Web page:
I think I’ll do more research at the University, I live in Oklahoma, as well as there is an eye institute downtown too, that is where my friend’s daughter had her surgery 20+ years ago.

    Thanks for the reply, you’ve given me just the right boost I need to start phoning around to these other eye surgery places and ask if they perform the macular hole repair surgery with “broad internal limiting membrane (ILM) peeling, 20 percent sulfur hexafluoride (SF6) gas and no face-down positioning”.


  3. I hope you don’t find this offensive or stupid but I want to recommend you keep your chin up but your head down.


  4. You are indeed tough as nails, Swoosieque.


  5. My friend Jim passed away about 10 years ago, but he had macular degeneration in both eyes and was going to lose his eyesight completely. I don’t remember which Boston hospital he went to, but he came up from New York because (I think it was Boston Eye and Ear) because they were they only ones who had the advanced technique he was looking for.. The surgery worked.

    My mother could not lie down. It was one eye, not both. The surgery didn’t entirely work and she had limited vision in the eye. But also, it was very early surgery, in the late 1970s because my mother died in 1983. So I’m sure they’ve come a long way since then. However,there always seem to be alternatives.

    Everytime I’ve been told there’s only one way, take it or leave it, I’ve left it and found the other way that didn’t exist. Just don’t give up.


    • Thanks, I needed this encouragement. I’m feeling better about searching for another alternative, especially since I know that another way does exist!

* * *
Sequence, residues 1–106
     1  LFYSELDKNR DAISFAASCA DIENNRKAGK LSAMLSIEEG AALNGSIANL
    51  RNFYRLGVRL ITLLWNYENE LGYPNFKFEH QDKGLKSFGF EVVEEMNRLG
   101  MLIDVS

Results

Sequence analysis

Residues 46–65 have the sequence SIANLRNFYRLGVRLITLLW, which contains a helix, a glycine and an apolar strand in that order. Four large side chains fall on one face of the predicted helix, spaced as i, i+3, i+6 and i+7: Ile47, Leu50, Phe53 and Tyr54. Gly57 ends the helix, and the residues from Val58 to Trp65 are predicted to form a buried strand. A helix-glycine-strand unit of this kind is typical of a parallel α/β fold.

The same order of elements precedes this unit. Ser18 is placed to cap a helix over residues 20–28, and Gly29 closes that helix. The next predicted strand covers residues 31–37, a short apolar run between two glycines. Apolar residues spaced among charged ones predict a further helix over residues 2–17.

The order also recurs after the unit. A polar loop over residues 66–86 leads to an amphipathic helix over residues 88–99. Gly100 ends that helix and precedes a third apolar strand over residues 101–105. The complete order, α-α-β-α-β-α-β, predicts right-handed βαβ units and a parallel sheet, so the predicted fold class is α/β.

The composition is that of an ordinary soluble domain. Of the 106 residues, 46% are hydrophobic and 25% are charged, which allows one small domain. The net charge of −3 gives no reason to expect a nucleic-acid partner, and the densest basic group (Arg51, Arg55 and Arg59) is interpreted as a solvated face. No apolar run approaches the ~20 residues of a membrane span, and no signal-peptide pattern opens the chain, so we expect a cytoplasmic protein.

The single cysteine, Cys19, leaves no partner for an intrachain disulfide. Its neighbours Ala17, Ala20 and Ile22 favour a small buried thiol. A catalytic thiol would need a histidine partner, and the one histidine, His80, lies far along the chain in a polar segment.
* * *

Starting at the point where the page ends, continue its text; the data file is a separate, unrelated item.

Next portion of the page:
The surgeon I went to told me that this surgery for macular hole did not exist 30 years ago – people would just live with it. Hmmmm… I need to research if he is correct.


  6. I’m just a really good searcher πŸ™‚


  7. Thank you for sharing your journey with us.You write with such honesty and candor that I feel deeply touched. My heart reaches out to you.


  8. Oh my goodness Swoosieque–what a mess this has been! I admit it was tough to read this, I am indeed squeemish and could not watch that video you linked a few posts ago. I hope all your questions get answered on your upcoming visit, and that improvement is in the cards.


  9. I’m so glad I found your blog (googling for any and all info on failure of macular hole surgery) since I had the same surgery in Jan and while that the start it appeared to be healing well, the plug dissolved by the end of 2 months. Don’t know why and I’ve found that it does happen. At that time the doc said that because they didn’t know why it happened and couldn’t guarantee any rate of success if I tried again, and that there was a chance it would worsen my vision. So I said no, and made apt for 3 month follow up. That happened yesterday and he asked me what I had decided (? – wasn’t he at the meeting?) and suggested getting a 2nd opinion. I have an apt next week with another surgeon. I’m honestly not sure what to expect – or what I want to do. I had sort of made peace with my eyesight (23/400) and as long as it didn’t get worse I could live like this. But enough about me – just know you’re not alone and I have defintely felt your pain! I just wish I’d been smart enough to buy my massage chair – for some reason I though they were terribly expensive. Stay safe –